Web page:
How to Be a Great Crypto Investor
If I had a Bitcoin for every time I’ve heard, “But Niiiiiick, cryptocurrency has no real value“… Well, I’d have a lot more Bitcoins than I would otherwise.
It’s a ridiculous argument, and the brutal truth is the folks who’ve bought into it are basically doomed to a lifetime of subpar returns.
Because of course cryptocurrencies can have value. Value is what we make it. Over the past 5,000 years, people have assigned value to gold, glass beads, pretty rocks, cows, inky strips of linen-cotton fiber, tulip bulbs, seashells, SHIB – the list goes on.
Something is valuable because a bunch of us agree it is. That’s it. And value investing is the art and science of finding assets currently selling for less than their true value.
At the end of the day, every great digital asset investor is a value investor. We have to develop that mindset to find those rare coins that’ll 10X, 20X, even 100X our money.
Every single one of my “5 Ts” criteria for cryptocurrency is designed to lock in on and grab coins that haven’t realized their real value yet.
And when you understand how it works, you’ll be a better, richer crypto investor than 99.9% of the competition. Here’s how it works…
A lot of it comes down to asking questions about your potential investments. Learning to ask the right questions is critically important.
I start with five…
Who’s on the development team? First, I want to know if the team is legitimate, or a bunch of con artists selling B.S.. From there, I’m looking at track records – developers and managers who’ve demonstrated the talent and chops needed to create and maintain value. They need to show me that they can create something people will fork over money for to use and, ultimately, not be able to live without.
What about the technology? A valuable cryptocurrency has to work, and bring something to table – to solve a problem that hasn’t yet been solved. It has to be reliable; the crypto has to do its job 24/7/365. Its software needs to make sense, as does the future plot of iterative upgrades. I want to see technological elegance backed by guarantees that make sense.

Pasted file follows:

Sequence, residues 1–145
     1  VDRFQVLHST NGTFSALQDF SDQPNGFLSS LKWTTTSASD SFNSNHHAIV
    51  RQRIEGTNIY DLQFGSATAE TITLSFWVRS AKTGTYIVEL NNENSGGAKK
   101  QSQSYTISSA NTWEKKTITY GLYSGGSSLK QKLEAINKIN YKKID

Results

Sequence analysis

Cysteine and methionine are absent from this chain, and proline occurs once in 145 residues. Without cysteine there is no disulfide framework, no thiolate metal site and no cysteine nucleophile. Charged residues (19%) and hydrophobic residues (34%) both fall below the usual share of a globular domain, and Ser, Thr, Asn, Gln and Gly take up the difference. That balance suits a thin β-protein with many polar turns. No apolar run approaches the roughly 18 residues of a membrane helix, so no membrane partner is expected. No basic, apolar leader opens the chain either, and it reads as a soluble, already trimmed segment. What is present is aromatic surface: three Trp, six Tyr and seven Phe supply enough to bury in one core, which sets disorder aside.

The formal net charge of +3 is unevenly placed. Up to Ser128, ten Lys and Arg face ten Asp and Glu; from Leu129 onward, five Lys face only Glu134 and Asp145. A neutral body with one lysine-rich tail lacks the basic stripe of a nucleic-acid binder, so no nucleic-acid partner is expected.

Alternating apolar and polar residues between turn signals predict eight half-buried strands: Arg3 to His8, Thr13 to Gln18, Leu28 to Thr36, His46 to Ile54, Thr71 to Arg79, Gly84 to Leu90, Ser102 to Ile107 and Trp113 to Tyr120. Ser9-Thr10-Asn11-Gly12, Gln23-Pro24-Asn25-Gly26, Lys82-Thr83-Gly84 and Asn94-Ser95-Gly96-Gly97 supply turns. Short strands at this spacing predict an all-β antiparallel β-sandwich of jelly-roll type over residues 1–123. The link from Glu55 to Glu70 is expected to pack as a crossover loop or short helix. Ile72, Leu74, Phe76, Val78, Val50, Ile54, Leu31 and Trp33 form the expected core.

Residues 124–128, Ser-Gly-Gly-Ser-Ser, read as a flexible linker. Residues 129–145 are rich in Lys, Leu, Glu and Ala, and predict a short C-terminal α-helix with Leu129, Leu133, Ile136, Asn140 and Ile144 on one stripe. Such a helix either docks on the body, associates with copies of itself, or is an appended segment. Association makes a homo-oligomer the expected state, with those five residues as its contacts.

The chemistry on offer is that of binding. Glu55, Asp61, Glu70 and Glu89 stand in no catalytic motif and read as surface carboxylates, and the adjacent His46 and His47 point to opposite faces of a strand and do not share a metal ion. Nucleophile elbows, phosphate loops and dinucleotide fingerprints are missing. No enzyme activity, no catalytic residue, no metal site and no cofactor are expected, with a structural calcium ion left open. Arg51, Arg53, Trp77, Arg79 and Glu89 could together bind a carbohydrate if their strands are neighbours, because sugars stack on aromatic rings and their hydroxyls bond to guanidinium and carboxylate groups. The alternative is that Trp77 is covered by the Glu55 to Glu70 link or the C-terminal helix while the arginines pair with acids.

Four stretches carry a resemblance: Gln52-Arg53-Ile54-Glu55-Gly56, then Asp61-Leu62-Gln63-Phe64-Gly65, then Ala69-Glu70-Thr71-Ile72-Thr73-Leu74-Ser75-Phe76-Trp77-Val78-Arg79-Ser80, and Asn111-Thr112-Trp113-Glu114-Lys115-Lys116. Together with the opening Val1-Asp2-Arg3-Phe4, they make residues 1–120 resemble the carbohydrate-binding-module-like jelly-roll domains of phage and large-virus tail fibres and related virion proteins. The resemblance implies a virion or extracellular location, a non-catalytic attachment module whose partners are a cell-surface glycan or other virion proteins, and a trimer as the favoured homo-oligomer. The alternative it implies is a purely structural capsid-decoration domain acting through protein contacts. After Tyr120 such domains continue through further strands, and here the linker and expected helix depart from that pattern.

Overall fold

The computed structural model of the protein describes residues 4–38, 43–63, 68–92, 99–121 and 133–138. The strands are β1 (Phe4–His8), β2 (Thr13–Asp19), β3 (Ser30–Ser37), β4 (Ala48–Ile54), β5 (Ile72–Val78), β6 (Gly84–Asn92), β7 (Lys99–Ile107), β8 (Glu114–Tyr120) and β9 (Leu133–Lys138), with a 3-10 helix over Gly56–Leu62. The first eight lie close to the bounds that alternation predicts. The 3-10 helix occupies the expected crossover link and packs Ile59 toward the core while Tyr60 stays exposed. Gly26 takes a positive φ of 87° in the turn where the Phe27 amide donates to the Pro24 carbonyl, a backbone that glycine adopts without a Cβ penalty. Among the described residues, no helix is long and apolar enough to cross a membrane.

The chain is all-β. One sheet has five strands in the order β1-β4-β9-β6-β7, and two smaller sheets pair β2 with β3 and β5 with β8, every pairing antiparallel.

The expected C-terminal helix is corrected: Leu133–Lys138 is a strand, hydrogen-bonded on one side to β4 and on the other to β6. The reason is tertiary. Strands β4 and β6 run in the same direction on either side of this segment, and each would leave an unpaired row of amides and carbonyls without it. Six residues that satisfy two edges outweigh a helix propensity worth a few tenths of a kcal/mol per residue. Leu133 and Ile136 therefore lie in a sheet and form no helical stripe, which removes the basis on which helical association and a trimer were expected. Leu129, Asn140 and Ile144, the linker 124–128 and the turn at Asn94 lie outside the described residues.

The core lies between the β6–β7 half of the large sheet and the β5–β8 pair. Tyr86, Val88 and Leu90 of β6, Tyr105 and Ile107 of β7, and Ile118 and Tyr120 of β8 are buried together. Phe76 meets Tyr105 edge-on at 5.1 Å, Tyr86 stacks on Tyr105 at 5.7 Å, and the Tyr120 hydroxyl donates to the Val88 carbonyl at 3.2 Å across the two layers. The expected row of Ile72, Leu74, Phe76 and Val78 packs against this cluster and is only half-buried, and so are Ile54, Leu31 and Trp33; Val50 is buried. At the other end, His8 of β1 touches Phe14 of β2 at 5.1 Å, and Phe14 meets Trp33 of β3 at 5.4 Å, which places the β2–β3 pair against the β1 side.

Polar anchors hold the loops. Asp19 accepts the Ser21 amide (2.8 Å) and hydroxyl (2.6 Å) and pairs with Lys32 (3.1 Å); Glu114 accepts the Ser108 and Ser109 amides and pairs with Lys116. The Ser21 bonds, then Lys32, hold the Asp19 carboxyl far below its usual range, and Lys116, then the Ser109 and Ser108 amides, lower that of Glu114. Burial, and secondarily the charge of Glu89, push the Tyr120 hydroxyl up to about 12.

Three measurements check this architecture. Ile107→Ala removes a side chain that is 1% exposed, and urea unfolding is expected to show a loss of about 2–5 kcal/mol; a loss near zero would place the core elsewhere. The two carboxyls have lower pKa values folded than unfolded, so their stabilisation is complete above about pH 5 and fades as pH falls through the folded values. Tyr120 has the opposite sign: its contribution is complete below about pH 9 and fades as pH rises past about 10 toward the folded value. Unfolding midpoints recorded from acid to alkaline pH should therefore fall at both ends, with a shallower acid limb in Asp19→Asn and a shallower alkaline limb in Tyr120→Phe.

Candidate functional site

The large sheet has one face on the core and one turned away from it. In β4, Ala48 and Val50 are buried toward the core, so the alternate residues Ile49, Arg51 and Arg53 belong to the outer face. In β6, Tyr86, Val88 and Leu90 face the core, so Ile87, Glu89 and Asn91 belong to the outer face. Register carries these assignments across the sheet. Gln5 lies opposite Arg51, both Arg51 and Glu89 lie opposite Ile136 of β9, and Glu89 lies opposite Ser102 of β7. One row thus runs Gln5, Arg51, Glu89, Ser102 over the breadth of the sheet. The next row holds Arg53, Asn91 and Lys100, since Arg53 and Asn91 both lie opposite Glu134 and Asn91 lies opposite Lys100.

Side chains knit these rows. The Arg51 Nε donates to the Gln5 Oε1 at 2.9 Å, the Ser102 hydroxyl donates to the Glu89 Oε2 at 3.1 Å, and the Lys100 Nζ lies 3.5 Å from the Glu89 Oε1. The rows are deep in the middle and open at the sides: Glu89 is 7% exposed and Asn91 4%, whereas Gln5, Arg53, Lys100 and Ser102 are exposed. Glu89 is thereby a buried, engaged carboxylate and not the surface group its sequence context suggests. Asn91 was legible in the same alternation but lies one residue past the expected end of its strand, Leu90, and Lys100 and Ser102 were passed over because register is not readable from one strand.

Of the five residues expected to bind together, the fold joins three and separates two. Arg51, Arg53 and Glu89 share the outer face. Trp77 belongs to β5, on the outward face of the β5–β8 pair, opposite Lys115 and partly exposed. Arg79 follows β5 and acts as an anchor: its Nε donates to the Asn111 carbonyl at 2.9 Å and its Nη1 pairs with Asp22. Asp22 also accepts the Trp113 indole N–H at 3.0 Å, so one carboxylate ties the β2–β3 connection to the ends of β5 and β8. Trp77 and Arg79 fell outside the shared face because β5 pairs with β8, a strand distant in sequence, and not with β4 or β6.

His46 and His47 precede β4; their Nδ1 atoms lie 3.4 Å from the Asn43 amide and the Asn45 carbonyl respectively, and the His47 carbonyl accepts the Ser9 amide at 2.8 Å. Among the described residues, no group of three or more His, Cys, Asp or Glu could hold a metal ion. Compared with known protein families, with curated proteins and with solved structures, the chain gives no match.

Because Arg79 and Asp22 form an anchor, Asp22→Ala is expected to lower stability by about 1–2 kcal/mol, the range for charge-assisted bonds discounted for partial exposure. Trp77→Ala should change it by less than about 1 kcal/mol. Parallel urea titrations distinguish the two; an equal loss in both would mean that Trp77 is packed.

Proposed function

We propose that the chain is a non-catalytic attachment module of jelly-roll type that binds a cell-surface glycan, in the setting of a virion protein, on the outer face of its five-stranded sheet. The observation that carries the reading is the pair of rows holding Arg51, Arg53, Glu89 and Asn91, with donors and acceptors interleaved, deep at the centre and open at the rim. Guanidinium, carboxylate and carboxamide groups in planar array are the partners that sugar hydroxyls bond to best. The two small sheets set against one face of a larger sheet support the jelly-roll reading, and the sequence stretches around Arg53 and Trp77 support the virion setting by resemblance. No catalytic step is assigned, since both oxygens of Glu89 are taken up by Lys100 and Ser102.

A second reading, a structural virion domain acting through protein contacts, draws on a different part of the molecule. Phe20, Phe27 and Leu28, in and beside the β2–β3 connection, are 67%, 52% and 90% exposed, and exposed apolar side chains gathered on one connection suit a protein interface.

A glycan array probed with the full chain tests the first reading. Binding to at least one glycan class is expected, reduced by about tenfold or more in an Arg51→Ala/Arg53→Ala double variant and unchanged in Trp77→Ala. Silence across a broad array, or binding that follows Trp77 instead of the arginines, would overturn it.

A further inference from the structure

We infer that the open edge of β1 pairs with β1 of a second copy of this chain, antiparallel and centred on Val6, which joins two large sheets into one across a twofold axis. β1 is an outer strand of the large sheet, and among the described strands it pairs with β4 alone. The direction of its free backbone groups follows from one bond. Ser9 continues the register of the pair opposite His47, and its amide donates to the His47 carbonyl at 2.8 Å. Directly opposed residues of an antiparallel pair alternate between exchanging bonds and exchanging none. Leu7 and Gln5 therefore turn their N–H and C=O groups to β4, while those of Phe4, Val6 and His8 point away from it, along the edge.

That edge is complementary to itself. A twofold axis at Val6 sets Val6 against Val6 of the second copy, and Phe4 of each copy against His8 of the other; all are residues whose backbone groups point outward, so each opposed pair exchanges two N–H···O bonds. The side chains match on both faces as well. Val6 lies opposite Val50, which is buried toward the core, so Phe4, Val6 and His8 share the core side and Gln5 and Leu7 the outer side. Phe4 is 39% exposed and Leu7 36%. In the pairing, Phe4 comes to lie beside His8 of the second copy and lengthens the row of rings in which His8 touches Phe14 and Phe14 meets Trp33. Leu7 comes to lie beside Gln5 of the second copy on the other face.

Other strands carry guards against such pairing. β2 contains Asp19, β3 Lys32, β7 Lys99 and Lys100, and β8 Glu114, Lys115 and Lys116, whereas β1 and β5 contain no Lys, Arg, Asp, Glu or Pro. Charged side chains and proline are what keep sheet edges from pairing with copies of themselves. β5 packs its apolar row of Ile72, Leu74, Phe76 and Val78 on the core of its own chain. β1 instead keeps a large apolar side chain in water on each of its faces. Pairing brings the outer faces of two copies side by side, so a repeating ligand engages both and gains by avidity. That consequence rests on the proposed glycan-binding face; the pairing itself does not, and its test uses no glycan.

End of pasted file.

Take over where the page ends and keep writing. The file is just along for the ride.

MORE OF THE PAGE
How’s the timing? A valuable cryptocurrency is something people need now or in the near future. That’s how it will realize its true value. Timing’s a bit of a double-edged sword, though – an idea too far ahead of its time runs a risk of crashing and burning… and a better team will come along and sift through the wreckage for the prize.
Do the tokenomics work? Value is a function of scarcity and demand. What’s the economic proposition? I think the exchange of machine learning resources for money is a particularly good proposition, particularly moving into the future. I also need to know whether or not the development team will water down its own product by generating more and more tokens endlessly, when they should be, at a very minimum, burning to ensure scarcity.
Why is this token even a thing? A good token should be needed to get from A to B or to accomplish some task (like machine learning). It needs to exist for a reason. A coin like Cardano (ADA) is needed to execute smart contracts, for instance. Bitcoin (BTC) is another great example; it’ll be a medium of exchange, but more and more it’s going to be a great store of value and, in the long-term, an inflation hedge. In other words, if your token has no reason for being, it has no business being in a serious portfolio. Looking at you, Shiba Inu (SHIB)
And there you go – 5 Ts. Answer those questions, and you’ve got value on your hands. It takes a lot of information, but the “how” and the “why” are all based on common sense. Develop an inquiring, skeptical mindset – and I don’t mean “We never landed on the Moon”-type skepticism. That’s selective doubt, not real skepticism. If a crypto project is making big claims, it has to bring big evidence and support to the table.
Just as important, though, is avoiding bad investments, with little or no value.
Don’t Take Dead End Roads
Some people are wild about charts, and if that’s their thing, it’s cool. A chart can be useful if you’re making short-term moves, but it’s not for me though. The market is not an eternally repeating fractal pattern. You can’t reliably look at an asset’s past to tell where it will be far in the future. Technical analysts talk about resistance and 30-day lines. Well, an asset is either going to cross over to another side of line or it isn’t. There’s nothing predictive about that. It’s all hindsight.
You can’t pick the right investments by looking at the past. You have to focus on what’s going to happen, and what people are going to do, in the future. That means understanding what people want.
Like I hinted at in the beginning, value is always relative. The more people have something, the less valuable it is. Having a larger number of dollars is not the same thing as making money. If you invest in the stock market, assuming you’re just using a generic diversified portfolio, you’re making the same bets as basically everyone else. The only people you’re gaining any distance on are those too destitute to invest at all.